The best hummingbird food is a mixture of what you place in your feeders and what types of plants and flowers you add to your garden.
Yes, feeders are available in an immense variety of styles and colors.
They range from the straightforward to the whimsical.
However, there’s no such diversity when it comes to what to feed hummingbirds.
Hummingbirds rely on nectar and insects for their sustenance. The former provides the energy they need while the latter gives them protein.
While the definition of nectar can be extended to include all kinds of sweet syrups, (such as honey), in essence it’s really just sugar water. By the way, don’t ever feed your buzzing friends honey! It lends itself to mold creation.
With all the commercially available syrups and nectars for bird feeders I realize it can be difficult to know what to feed hummingbirds.
Many of these concoctions advertise themselves as organic and often utilize alternative sugar sources such as agave. While such preparations might claim to be based on a special hummingbird recipe it’s generally best to avoid them.
By far the best and most cost effective way of filling your feeders is to use sugar syrup that you make at home.
The recipe for sugar syrup is very simple.
Place a little over four cups of boiling water in a bowl. Add one cup of pure granulated white cane sugar and stir well until completely dissolved.
Refrigerate overnight. When it has cooled you can fill your feeders.
Some folks believe adding red dye or food coloring to the syrup attracts birds. This is simply not true. In fact, coloring agents can harm birds and should be avoided.
It’s also important to use only granulated white sugar when preparing your hummingbird food recipe. I don’t recommend using any artificial sweeteners, sugar substitutes, or alternative sugar sources. I say this primarily because such substances can negatively impact a bird’s health.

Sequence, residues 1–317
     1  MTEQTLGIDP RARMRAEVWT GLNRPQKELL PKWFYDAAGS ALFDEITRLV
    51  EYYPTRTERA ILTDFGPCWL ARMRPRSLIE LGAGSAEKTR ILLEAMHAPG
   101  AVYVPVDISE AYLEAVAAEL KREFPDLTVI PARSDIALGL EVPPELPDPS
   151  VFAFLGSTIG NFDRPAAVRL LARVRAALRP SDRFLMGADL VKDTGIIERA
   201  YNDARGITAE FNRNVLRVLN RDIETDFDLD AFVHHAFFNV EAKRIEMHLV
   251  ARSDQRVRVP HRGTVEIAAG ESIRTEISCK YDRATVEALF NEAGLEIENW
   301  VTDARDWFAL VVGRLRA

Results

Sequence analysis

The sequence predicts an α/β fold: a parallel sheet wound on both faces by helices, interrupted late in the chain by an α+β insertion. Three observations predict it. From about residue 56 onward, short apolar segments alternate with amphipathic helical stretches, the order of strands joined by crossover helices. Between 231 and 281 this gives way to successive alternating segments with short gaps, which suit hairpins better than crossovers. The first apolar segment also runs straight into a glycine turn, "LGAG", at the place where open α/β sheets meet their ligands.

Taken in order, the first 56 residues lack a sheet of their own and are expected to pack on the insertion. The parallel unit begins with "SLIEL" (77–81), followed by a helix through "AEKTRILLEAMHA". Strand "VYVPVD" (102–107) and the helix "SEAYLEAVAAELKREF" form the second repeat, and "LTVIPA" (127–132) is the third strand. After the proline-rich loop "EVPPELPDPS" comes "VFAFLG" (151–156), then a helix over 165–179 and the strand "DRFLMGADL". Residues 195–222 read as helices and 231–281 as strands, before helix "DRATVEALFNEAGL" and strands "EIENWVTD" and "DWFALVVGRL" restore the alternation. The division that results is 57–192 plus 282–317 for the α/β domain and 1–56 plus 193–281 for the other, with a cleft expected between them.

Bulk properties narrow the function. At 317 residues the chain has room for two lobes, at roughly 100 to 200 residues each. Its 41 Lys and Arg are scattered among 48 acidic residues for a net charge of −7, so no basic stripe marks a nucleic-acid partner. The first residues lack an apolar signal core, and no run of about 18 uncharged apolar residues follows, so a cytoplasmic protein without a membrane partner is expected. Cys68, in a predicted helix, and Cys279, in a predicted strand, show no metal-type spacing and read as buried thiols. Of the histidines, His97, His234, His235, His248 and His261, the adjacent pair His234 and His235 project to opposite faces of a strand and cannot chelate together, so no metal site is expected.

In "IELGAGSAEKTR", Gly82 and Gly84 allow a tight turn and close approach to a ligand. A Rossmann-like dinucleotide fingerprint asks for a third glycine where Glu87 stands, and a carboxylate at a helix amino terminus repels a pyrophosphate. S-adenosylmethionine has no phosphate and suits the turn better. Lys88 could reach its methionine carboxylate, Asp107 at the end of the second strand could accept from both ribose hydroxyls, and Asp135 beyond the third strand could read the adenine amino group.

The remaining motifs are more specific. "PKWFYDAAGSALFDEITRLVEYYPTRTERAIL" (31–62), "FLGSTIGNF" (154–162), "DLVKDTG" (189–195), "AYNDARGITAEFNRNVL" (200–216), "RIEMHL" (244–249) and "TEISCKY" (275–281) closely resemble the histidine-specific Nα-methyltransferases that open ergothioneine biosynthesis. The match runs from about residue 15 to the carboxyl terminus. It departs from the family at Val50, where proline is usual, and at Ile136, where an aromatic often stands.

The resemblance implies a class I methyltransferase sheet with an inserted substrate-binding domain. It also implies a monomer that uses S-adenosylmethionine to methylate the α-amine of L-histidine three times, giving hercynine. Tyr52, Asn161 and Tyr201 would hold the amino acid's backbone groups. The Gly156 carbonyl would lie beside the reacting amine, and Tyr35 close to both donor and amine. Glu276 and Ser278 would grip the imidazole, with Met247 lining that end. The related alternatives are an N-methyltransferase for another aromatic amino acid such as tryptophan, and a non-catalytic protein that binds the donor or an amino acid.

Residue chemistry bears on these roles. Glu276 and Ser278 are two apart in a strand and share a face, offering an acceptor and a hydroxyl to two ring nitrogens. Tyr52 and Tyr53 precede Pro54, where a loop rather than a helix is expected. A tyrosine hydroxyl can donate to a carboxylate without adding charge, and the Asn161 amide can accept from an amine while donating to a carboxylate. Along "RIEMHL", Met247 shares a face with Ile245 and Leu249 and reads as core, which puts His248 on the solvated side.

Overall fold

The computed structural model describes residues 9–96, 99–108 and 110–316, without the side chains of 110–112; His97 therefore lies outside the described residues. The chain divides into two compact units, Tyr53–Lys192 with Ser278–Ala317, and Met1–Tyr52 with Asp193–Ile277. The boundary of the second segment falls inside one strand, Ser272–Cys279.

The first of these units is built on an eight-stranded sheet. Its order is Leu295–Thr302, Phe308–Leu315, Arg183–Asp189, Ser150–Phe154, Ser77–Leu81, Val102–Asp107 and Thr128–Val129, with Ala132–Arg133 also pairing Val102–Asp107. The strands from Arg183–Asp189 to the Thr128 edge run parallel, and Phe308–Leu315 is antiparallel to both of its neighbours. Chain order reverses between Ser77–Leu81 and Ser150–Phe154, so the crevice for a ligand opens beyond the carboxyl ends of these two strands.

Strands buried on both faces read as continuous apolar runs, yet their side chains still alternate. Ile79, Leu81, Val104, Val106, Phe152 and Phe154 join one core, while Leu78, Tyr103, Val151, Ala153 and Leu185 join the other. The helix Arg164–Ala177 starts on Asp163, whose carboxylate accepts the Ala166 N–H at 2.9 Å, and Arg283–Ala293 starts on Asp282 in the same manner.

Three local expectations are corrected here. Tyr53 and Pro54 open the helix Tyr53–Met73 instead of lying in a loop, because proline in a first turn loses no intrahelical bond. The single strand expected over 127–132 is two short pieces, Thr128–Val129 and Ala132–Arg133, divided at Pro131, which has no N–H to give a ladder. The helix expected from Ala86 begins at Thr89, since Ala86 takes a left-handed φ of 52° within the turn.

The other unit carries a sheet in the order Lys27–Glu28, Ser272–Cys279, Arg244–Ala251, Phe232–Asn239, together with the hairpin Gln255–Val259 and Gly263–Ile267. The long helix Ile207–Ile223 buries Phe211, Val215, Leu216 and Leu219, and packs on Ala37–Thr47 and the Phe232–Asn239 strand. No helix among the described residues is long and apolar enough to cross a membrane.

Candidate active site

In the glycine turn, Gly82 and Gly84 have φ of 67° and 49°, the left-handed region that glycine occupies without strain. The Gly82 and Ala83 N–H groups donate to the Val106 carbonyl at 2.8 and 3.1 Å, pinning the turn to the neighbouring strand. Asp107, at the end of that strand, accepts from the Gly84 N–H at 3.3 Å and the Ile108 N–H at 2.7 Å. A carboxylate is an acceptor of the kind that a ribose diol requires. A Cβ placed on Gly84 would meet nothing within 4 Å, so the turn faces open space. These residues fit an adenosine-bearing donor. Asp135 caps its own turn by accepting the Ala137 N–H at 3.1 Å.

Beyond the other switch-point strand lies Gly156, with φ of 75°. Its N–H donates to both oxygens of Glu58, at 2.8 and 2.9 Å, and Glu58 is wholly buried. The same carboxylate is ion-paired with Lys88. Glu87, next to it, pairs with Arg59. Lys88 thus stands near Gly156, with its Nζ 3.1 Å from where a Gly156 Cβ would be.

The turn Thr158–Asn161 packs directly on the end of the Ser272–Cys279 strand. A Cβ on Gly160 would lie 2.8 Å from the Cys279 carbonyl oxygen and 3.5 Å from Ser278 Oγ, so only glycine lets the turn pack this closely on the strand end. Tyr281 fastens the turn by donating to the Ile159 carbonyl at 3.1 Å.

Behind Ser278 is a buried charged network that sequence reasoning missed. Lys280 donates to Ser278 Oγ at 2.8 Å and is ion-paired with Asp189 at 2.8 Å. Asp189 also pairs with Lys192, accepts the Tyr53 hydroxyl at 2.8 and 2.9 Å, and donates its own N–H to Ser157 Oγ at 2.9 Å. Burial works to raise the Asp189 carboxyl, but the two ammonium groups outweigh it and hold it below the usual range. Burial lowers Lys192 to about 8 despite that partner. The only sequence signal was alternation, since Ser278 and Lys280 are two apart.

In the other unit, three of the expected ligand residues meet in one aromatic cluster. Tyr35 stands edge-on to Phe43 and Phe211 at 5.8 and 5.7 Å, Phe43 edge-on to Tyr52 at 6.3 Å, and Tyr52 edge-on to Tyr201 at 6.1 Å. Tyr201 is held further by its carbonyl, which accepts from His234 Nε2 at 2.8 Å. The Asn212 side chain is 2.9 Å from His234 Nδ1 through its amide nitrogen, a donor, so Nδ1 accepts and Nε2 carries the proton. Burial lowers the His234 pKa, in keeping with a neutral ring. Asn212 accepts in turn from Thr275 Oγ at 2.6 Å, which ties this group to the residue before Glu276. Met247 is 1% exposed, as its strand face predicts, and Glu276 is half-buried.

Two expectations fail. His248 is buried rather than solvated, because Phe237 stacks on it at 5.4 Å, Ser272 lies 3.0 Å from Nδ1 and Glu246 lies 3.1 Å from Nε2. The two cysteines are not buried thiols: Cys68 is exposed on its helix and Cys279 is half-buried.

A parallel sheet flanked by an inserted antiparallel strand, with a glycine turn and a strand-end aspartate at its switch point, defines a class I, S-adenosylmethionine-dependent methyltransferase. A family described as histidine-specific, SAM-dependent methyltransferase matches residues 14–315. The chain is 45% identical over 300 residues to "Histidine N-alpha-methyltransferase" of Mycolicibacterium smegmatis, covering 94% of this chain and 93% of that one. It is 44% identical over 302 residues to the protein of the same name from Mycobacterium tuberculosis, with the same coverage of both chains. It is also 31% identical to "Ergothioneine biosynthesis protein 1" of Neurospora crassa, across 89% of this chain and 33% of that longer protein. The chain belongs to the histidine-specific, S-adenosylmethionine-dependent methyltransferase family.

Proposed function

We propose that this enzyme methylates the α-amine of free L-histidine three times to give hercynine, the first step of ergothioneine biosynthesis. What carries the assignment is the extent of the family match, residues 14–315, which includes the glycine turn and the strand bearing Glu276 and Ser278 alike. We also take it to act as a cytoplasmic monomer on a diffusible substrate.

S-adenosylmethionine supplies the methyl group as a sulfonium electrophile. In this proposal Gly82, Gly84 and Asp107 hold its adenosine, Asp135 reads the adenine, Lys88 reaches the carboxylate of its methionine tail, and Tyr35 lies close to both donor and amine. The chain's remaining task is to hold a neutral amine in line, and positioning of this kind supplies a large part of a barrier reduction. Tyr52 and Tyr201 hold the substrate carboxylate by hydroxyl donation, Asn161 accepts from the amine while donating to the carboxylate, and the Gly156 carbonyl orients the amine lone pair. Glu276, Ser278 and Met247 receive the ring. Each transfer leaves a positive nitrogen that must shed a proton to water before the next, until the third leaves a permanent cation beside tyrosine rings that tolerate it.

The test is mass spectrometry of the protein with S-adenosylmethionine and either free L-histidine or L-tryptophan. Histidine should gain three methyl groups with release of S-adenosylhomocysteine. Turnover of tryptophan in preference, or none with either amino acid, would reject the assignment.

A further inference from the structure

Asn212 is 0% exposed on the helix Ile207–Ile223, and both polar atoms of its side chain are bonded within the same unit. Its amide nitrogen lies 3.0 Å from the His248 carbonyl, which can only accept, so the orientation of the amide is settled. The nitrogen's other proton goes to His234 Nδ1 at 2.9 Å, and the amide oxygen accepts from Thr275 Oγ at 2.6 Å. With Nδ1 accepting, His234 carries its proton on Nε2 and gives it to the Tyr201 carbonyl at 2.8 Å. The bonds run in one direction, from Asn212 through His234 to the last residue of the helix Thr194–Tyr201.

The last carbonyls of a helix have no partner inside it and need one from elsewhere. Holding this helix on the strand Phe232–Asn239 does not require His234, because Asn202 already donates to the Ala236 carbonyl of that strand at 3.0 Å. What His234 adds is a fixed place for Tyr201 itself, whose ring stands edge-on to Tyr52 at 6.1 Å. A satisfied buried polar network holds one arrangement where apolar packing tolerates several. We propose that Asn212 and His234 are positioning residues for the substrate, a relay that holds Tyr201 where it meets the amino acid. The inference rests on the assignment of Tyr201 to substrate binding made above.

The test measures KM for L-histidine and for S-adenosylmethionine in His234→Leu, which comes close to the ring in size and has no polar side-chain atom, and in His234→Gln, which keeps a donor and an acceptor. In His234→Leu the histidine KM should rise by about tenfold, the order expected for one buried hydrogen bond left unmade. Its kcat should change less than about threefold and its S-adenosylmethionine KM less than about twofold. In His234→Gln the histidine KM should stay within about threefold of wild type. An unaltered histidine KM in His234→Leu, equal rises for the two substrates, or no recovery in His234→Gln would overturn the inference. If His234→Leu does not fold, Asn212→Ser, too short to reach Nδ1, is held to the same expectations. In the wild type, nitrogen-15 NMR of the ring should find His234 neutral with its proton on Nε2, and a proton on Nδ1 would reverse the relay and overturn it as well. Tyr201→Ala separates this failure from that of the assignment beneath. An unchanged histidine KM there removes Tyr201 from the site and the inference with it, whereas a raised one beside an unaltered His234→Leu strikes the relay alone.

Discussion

It’s best to use more than one hummingbird feeder.
These little high-energy creatures are territorial. Once a male hummingbird claims your feeder as his he’ll chase others away.
Be sure to use two or three feeders so you can place them at varying places around your yard or garden. Make sure they can’t be easily seen from one another. This provides a better opportunity to attract a variety of flying jewels.
If you place at least one feeder near a side window of your home (one that’s quiet and free from neighborhood noise/activity) you’ll increase your chances of watching as your hummers feed.
Maintain your feeders by cleaning them every few days. If you don’t you’ll run the risk of accumulating mold and your hummers will leave.
Hummingbirds expend a lot of energy when they beat their wings so they require a lot of food to meet their caloric needs.
They typically feed from just before dawn to just after dusk.
Throughout the course of the day they feed almost constantly. Most birds feed an average of ten to twelve times per hour. Nighttime is the only period of the day when they don’t eat.
Although hummingbirds do eat throughout the day their favorite feeding times are in the morning and towards the late evening. They eat in the afternoon as well but their ingestion levels are somewhat decreased during this period.
I can’t recommend enough moving beyond feeders and growing your own hummingbird garden. It’s a fun and rewarding experience both for you and your hummingbirds.
For you there’s a great sense of accomplishment when you see your hummers taking advantage of what you’ve created. For the lovely little birds there’s the added benefit of natural nectar from your planted flowers.
Your bushes and trees provide them nesting areas as well as shelter for resting between feeding.
Combining feeders and a garden is a wonderful way to provide the proper hummingbird food to these hovering, exciting little birds.
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Hummingbirds > Hummingbird Food